Snow storm

Traffic was moving slowly on the Atlantic City Expressway at Pleasantville as Wednesday’s rain turned to huge flakes of snow by late afternoon.

Wednesday's nor'easter brought up to nine inches of snow and broke the record for most precipitation at Atlantic City International Airport. Totals did vary across Southeast Jersey though, with a tight gradient setting up.

Compared to the rest of the New Jersey, our corner of the state was sparred from the brunt of the piling snow. However, snow did fall across South Jersey twice on Wednesday.


The most snow pack is in northwest New Jersey, where over two feet of snow fell in spots. They also had snow on the ground from last Friday's storm. For South Jersey, the highest totals were seen in Cumberland county. Image is courtesy of NOAA.

A stormy flip-flop

Snow fell early on Wednesday morning. The rain/snow line pushed as far east as Millville and Hammonton. During by the morning rush, a nose of warm air aloft, thanks to easterly winds, changed any snow over to rain. As it did, we had thunderstorms and even the elusive thundersnow! Rain fell during the morning. However, between 11:30 a.m. to 2:30 p.m. the rain/snow line crashed from the New Jersey Turnpike all of the way to the coast as winds flipped to the north and brought colder air back in. 

Changeover Time

For the most part, the changeover to snow Wednesday afternoon went according to plan. 

Snow was moderate at first. Not all of the snow was sticking to the roads. However, many capped the storm off with a bang. Strong upward motion created a heavy band of snow. This band passed through our region (save most of Cape May County), with 2 to 3 inch per hour rates and whiteout conditions. Snow ended between 4 p.m. to 7 p.m., lingering a little later in Ocean County.

Snowfall Totals

Snowfall Totals

The highest snowfall totals were in the western parts of our coverage area. Greenwich took the top spot, with 9 inches of snow! The snow was heavy, wet and hard to shovel.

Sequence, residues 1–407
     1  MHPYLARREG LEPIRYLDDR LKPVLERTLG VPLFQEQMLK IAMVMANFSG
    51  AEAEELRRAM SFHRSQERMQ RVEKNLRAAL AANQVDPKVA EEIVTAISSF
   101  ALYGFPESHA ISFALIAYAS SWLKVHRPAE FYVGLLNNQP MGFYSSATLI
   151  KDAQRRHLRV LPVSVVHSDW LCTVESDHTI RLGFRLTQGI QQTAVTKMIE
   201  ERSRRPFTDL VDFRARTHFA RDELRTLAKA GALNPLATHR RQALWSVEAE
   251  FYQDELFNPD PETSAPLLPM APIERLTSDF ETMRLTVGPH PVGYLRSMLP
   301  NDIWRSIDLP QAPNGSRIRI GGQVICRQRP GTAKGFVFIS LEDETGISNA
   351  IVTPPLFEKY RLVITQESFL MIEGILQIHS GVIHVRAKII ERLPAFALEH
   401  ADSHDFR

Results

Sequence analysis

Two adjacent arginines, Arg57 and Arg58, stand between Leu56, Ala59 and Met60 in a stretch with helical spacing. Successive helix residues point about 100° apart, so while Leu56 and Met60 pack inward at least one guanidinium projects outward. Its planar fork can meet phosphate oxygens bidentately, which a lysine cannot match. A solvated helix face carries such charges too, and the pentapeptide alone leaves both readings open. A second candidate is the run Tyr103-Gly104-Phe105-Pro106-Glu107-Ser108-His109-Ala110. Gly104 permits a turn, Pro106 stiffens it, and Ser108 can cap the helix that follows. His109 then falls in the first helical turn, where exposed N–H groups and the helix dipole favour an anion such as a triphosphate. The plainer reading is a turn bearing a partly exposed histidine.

Springtown, part of Greenwich Township in Cumberland County, took home the top spot with 9 inches of snow. The Delaware Bay community also had 6.5 inches of snow in another part of town. Vineland received 6 inches of snow, with similar numbers along the Route 54 corridor.

Two to four inches of snow fell in most of Atlantic and Ocean Counties west of the Parkway, as well as in northern Cape May county. Atlantic City International Airport officially measured 2.5 inches of snow. Even Ocean City reported 3.5 inches of snow, in addition to the coastal flooding they received.

East of the Parkway and southern Cape May county had the short end of the (snow) stick. Only up to two inches fell, including 1.6 inches at The Press office. 

Records Broken

2.11 inches of rain and melted snow fell at Atlantic City International Airport from Wednesday's system. This breaks the old record of 1.65 inches back in 2008. It is a testament to how strong the storm was. It is just an addition to what has been one of the wettest starts to the year on record.

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This is my first newspaper but not my first forecast for NJ. I graduated with a B.S. in Meteorology from Rutgers. Two TV internships gave me a taste for the newsroom. Then, after nearly 4 years in private NJ weather, I'm forecasting South Jersey for you.

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